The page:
by Adam Sobsey
The Durham Bulls' season has already had a few twists and turns, thanks mainly to surprises in Tampa Bay like the injury to the Rays' superstar third baseman, Evan Longoria, and the abrupt retirement of Manny Ramirez, just a few days into his Tampa tenure, after he tested positive again for performance-enhancing drugs. Two brand-new Bulls, Casey Kotchman and Felipe Lopez, have already been summoned to the major leagues. A couple of others have already missed time with injuries. The starting pitchers haven't lasted deep into games, partially owing to the Rays' early-season 75-pitch limit imposed on them from above; as a consequence, the Durham bullpen, year in and year out one of the most overworked cadres around, is already groaning under its workload.
Stay tuned—plenty more drama to come.
We'll see you all on Thursday, April 14 at the DBAP—one-dollar concessions on the first night of the home season. Read on for a glossary/primer.
BABIP: Batting Average on Balls in Play. This measures a hitter's batting average only on the balls he hits into the field of play, and is subject to wide variations from year to year. It helps determine how much of an unusually good or bad season can be chalked up to luck.
Bisquicked: A word used when a player is called up from Double-A Montgomery (q.v.), usually due to an injury or some other unforeseen temporary situation in Durham, and then sent right back down after a few days or as much as a couple of weeks. Last year, Justin Garcia was Bisquicked. Outfielder/first baseman Leslie Anderson was not; he remained a Bull through the rest of the season after his promotion, as the Rays intended all along.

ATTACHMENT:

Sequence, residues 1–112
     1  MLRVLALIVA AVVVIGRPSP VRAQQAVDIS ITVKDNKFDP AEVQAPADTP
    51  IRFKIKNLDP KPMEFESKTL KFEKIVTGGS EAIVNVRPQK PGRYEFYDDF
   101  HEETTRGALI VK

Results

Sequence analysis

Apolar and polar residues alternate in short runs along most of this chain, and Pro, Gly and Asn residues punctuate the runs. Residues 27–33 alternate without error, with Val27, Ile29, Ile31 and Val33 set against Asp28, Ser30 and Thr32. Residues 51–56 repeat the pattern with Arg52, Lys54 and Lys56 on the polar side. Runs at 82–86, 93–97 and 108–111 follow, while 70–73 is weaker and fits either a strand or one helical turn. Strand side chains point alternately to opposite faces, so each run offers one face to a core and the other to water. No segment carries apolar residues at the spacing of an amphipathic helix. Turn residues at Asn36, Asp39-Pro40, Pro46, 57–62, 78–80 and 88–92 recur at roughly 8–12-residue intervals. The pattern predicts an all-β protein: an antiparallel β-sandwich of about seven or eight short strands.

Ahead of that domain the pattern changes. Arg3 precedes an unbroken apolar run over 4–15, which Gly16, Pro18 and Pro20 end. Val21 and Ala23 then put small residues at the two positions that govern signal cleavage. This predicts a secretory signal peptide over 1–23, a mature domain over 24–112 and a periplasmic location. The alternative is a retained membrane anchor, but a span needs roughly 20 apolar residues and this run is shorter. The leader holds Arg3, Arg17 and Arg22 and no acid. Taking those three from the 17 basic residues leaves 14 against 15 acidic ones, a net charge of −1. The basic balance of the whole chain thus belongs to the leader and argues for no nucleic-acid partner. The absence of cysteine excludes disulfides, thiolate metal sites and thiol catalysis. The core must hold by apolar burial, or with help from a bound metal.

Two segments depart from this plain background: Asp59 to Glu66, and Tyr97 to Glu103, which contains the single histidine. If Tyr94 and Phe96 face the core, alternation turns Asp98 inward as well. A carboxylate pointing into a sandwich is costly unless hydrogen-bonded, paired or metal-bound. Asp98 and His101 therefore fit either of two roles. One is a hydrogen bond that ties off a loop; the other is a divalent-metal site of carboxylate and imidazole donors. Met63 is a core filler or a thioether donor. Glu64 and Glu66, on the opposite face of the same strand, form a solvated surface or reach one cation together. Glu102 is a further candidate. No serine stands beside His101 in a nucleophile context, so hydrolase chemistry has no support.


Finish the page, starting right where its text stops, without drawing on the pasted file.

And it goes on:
Buck Showalter Theorem: This posits that any given major-league club will, in the course of a 162-game season, win 60 games and lose 60 games right out of the chute. Your starter gets shelled for eight runs in 1 2/3 innings, or your own lineup explodes with a 19-hit outburst on the way to putting up 14 runs off of a procession of decreasingly leveraged and finally mop-up-caliber relievers: Games like that don't require much in the way of managerial acumen or clutch performance; they decide themselves via extremes. It's what you do with the other 42 games, those closer, go-either-way contests, that separate champions from chumps. (This is why a team like the 1998 Yankees is so remarkable: They lost fewer than 50 times, and that included an additional 13 postseason games.) In the 144-game Class AAA minor-league season, you can modify the numbers to approximately 54-36-54. It may very well be that Showalter, currently the manager of the Baltimore Orioles, did not make up this theorem, that he got it from someone else. But that's where we heard it first, so we're crediting him.
DBAP: Durham Bulls Athletic Park. Not to be confused with the historic Durham Athletic Park (DAP), a little ways north, where the Bulls played back in the Bull Durham days and before. The Bulls will play one nostalgia game at the old DAP this season, as they did last year, as well.
ERA: Earned Run Average. (Earned runs allowed)*9/Innings Pitched. Tells you how many earned runs (i.e. those not blamable on errors) a pitcher allows per nine innings pitched. It's an old stat, and still fairly reliable, although sabermetricians—the prevailing vanguard of baseball thinkers—now like to push FIP (q.v.). League average ERA tends to be around 4.40. Anything under 3.00 is quite excellent.